In 1965, Intel’s Gordon Moore made a prediction about the future of technology that remained accurate far longer than even Moore himself expected. It has come be known as: “Moore’s Law.”
Processors supporting Moore’s Law; Author: Wgsimon
Over the course of the last 50 years, there have been multiple times when this exponential growth seemed to be approaching an inevitable slow-down.
Every day, electronics get smaller. This trend allows for Moore’s law to continue, but more importantly, it means that we can accomplish more and more with less and less. For example, shown below is a Datapoint 2200 (one of the first PCs) and a Mac mini. The old computer, a Datapoint 2200 is dozens of times heavier and larger (the pictures below are approximately to scale), while the Mac’s processor speed and memory are orders of magnitude greater (about 6). On top of all that, the Datapoint would cost over $25,000 today (after inflation adjustment), while the Mac goes for $800.
Datapoint 2200 (1971); Author: Ecksemmess Mac mini (2011); Author: Wiki637
Gordon Moore observed this trend decades ago, but by-and-large it has continued well past anyone – even Moore – could have expected. Whenever the exponential seems to approach an insurmountable ceiling, a new technology is developed or some novel approach is designed that makes the impossible seem downright simple.
One example of a new technology extending Moore’s “prophecy” beyond the expected was Kanti Jain’s use of ultraviolet laser light to improve lithography in 1982. Shorter wavelengths mean smaller feature sizes, and currently a 193nm excimer laser is capable of producing chips with a 40nm dimension. (I know, this seems impossible, but clever methods are employed to actually create structures shorter than the wavelength of the laser itself.)
Once again, however, we’re staring in the face of a (seemingly) unavoidable obstacle. As chip designers attempt to create features smaller than 40nm, the natural next step is smaller wavelength UV lasers. If a 193nm can produce 40nm chips, why can’t a 13.5nm laser produce, say, 10nm chips? Perhaps it can, but there are proving to be several issues with using extreme UV (or EUV) lasers for this:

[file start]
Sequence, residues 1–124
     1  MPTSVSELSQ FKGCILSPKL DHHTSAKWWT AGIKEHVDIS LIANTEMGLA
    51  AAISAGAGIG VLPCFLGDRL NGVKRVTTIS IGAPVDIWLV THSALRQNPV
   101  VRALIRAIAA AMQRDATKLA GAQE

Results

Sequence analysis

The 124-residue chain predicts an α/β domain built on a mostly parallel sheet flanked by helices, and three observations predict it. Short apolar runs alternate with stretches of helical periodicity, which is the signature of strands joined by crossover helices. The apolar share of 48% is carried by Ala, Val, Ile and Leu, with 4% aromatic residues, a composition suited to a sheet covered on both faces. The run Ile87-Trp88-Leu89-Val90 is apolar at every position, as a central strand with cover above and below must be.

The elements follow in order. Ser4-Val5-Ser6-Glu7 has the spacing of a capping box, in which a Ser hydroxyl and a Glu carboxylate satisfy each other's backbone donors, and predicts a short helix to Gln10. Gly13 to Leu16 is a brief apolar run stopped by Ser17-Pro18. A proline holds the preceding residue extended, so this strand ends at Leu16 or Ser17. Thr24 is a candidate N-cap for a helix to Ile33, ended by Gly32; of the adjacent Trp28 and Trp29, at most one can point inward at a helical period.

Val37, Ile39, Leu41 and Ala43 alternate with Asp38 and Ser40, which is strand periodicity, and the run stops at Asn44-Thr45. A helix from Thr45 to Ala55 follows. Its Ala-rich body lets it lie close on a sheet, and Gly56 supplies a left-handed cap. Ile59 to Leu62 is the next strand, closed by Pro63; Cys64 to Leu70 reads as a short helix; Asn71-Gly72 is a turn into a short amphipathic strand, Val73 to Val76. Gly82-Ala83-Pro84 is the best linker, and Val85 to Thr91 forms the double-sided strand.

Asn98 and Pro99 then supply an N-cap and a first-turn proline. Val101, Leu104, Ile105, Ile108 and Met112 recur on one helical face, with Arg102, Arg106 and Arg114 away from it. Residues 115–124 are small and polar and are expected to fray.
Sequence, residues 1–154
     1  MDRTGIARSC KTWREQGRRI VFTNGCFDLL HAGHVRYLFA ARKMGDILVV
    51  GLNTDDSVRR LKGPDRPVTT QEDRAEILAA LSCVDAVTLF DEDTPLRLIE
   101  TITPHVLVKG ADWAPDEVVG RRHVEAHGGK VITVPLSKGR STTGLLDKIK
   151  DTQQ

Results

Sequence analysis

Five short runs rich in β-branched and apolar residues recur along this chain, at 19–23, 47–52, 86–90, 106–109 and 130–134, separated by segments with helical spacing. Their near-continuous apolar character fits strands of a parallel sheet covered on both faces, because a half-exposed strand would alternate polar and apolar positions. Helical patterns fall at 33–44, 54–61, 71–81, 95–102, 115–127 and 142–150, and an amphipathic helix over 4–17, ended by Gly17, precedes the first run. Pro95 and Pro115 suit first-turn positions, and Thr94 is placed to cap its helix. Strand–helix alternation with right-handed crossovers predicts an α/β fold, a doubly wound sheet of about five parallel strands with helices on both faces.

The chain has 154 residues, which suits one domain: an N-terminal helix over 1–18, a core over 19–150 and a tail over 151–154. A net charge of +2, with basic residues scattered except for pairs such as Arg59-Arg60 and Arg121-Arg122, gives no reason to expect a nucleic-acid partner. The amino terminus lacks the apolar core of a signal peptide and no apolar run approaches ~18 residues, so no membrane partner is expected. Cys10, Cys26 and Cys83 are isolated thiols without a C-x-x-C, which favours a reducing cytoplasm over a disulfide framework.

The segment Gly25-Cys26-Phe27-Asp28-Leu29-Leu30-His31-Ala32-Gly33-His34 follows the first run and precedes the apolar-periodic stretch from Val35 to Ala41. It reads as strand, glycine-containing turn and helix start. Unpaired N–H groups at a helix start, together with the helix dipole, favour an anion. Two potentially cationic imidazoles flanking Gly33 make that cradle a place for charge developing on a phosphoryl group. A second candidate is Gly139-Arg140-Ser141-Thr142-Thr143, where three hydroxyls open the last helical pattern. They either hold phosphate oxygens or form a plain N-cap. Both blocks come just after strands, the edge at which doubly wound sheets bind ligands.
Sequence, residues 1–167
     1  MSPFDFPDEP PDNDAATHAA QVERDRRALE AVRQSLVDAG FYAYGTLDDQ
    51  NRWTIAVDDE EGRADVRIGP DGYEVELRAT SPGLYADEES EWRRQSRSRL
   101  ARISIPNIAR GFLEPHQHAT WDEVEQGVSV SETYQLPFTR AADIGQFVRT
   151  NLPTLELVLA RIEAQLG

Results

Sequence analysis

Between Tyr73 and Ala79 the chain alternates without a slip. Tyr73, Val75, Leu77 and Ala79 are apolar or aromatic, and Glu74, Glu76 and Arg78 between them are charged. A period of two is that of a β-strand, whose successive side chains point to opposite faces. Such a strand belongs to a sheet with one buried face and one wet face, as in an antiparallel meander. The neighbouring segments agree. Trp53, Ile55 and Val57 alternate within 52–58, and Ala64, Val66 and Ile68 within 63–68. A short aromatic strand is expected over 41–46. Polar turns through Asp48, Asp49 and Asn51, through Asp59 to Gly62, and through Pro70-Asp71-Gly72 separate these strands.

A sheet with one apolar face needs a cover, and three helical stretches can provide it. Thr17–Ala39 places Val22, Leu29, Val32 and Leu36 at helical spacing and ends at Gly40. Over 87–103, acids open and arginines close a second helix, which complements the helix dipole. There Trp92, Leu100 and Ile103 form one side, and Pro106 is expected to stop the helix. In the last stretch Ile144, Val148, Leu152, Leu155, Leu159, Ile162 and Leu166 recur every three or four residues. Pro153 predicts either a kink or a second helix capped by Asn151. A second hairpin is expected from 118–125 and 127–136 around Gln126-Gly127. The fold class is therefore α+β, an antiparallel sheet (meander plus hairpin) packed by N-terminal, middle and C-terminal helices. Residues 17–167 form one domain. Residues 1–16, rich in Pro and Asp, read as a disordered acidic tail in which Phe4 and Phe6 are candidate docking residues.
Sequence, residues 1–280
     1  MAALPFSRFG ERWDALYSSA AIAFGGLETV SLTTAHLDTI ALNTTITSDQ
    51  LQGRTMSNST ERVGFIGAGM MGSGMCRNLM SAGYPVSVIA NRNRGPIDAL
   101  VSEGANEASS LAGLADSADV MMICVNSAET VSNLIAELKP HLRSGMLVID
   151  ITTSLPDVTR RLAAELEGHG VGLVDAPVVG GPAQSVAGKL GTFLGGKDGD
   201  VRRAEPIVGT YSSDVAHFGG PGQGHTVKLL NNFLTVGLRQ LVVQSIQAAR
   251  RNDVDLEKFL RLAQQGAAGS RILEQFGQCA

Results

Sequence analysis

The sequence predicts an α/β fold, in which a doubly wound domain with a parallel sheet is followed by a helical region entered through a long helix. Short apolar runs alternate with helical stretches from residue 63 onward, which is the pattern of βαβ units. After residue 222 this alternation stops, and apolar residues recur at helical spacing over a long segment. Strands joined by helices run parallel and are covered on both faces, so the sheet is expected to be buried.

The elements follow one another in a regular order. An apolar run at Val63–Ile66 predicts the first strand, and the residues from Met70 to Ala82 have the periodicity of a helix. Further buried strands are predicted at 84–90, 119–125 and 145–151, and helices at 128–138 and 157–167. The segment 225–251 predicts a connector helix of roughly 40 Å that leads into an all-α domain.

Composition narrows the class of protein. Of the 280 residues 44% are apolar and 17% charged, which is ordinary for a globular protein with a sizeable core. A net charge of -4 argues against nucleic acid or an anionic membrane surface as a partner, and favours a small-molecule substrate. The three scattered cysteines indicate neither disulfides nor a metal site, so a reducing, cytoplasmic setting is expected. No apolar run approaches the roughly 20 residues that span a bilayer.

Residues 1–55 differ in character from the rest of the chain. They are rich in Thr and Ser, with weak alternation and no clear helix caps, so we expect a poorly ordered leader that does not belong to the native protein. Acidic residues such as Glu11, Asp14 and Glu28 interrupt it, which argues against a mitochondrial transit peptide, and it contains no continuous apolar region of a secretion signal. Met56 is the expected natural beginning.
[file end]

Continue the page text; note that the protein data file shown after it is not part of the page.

- EUV light is absorbed by almost everything, so the lithography needs to be done in a vacuum chamber, which greatly reduces productivity.
- EUV light is similarly highly absorbed by mirrors, so the original source needs to have much more power (around 20 times more) than is actually necessary to burn the photoresist.
- Furthermore, all that light absorbed in the mirrors and other components can lead to overheating.
Due to these issues, some are starting to look for some totally new method, referred to simply as “Next Generation Lithography (NGL).”
It remains to be seen which approach will be successful, but one thing is certain: in order to experiment with EUV lasers, one must have a power meter that can measure down to EUV. (Most sensors don’t.) Ophir, for example, generally states that sensors with a broadband coating measure accurately down to 190nm. However, the truth is that the sensors can absorb light down to at least 10nm. They are generally not calibrated below 190, so you won’t see anything about EUV wavelengths in our datasheets. Nevertheless, it is known that our standard broadband absorber is within 10% of the absorption at 193nm at shorter wavelengths so the error is not large. If you do you have a need to measure EUV, we’d be happy to help you explore your options in more detail.
You might also like to read: Power and Energy measurement with the 193nm excimer laser